Seven years into the Soviet Union’s fatal adventure in Afghanistan, U.S. President Ronald Reagan stood before the international community in West Berlin and demanded that Soviet President Mikhail Gorbachev tear down the wall that separated East Germany from the West.
Today, it is the United States that is engulfed in costly, interminable wars, and Tom Engelhardt, editor of TomDispatch, is calling for Americans to “tear down” the $3.3 billion “hubris-filled 1,776 feet of building, planned in the heyday of George W. Bush and soaring into the Manhattan sky like a nyaah-nyaah invitation to future terrorists,” that is being erected to commemorate the 9/11 attacks.
Engelhardt is no Reagan Republican. But for him, “Freedom Tower”—renamed 1 World Trade Center in 2009 and set to stand at the symbolic height of 1,776 feet—exploits the ideal of liberty and all those who were killed in the decade-long worldwide carnage that followed the morning of Sept. 11, 2001. —ARK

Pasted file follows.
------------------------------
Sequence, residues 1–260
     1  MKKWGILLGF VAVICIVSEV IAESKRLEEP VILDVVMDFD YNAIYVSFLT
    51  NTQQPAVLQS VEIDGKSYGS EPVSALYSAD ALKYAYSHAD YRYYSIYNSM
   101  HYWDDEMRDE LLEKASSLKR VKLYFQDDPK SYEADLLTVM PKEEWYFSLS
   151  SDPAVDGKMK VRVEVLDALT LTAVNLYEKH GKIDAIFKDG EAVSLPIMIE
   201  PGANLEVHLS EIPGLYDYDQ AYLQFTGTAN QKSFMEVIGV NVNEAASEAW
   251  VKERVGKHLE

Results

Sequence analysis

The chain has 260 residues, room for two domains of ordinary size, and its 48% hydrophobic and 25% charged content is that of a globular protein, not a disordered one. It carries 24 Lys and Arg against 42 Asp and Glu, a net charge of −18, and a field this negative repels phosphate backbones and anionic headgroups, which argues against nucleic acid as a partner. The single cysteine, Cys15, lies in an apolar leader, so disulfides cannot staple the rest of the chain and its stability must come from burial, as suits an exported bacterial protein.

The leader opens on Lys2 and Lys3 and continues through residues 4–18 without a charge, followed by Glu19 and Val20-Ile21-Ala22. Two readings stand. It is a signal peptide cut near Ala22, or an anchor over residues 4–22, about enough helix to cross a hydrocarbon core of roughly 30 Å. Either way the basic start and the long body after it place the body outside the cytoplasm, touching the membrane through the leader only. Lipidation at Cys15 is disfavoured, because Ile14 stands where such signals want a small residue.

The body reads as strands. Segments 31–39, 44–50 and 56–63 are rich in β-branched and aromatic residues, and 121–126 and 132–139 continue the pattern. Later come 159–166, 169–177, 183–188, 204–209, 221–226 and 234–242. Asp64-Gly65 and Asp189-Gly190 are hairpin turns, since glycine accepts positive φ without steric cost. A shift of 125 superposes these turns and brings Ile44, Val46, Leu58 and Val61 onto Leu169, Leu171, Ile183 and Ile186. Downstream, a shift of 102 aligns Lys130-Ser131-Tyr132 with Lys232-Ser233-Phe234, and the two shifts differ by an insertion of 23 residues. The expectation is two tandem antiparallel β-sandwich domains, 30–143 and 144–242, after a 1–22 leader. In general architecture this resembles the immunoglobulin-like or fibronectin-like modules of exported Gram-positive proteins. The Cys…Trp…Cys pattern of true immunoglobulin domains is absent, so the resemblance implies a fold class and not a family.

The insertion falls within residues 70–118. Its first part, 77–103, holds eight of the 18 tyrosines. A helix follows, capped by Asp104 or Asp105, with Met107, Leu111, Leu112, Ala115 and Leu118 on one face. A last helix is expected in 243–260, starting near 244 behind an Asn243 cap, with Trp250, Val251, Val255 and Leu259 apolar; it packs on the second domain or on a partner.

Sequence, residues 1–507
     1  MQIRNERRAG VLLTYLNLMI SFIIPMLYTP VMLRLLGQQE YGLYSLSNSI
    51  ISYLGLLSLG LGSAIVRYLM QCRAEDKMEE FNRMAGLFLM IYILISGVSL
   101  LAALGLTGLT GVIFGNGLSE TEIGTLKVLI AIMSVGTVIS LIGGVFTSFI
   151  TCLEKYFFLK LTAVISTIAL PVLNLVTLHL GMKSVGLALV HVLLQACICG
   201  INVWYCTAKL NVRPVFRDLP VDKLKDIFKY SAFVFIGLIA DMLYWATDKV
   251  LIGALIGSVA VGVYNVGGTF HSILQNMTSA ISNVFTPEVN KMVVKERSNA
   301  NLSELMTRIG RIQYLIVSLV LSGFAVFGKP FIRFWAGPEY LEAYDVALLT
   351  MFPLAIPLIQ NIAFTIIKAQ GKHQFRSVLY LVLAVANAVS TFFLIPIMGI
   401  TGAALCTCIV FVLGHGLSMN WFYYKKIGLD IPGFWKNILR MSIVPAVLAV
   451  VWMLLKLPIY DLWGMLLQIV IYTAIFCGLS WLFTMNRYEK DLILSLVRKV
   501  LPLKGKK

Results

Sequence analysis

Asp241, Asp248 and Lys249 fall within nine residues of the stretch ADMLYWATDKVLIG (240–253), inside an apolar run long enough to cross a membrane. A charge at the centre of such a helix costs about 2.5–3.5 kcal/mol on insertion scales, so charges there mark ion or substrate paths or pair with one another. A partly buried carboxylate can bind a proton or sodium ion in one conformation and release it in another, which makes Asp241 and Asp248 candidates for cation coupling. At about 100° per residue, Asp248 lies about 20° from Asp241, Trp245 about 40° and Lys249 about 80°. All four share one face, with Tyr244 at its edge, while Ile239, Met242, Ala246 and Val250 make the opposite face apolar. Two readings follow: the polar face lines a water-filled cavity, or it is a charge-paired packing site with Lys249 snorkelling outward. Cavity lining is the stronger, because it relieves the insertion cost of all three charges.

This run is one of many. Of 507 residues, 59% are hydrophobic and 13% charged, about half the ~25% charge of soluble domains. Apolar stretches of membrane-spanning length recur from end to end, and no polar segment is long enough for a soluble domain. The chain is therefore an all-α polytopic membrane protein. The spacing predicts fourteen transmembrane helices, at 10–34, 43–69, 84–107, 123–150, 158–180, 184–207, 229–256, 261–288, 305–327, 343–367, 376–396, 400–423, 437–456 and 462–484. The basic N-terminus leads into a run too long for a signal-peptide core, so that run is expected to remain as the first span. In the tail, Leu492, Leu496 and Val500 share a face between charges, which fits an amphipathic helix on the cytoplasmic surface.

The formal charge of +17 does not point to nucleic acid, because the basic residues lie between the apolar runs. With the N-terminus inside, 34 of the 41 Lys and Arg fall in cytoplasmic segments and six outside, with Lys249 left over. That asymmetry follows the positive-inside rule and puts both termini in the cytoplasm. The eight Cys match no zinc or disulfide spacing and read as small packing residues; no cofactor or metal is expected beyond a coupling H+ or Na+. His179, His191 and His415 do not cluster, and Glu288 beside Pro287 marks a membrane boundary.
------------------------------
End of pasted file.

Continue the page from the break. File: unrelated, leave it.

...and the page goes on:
Ask yourself this: ten years into the post-9/11 era, haven’t we had enough of ourselves? If we have any respect for history or humanity or decency left, isn’t it time to rip the Band-Aid off the wound, to remove 9/11 from our collective consciousness? No more invocations of those attacks to explain otherwise inexplicable wars in Iraq and Afghanistan and our oh-so-global war on terror. No more invocations of 9/11 to keep the Pentagon and the national security state flooded with money. No more invocations of 9/11 to justify every encroachment on liberty, every new step in the surveillance of Americans, every advance in pat-downs and wand-downs and strip downs that keeps fear high and the homeland security state afloat.
The attacks of September 11, 2001 were in every sense abusive, horrific acts. And the saddest thing is that the victims of those suicidal monstrosities have been misused here ever since under the guise of pious remembrance. This country has become dependent on the dead of 9/11—who have no way of defending themselves against how they have been used—as an all-purpose explanation for our own goodness and the horrors we’ve visited on others, for the many towers-worth of dead in Iraq, Afghanistan, and elsewhere whose blood is on our hands.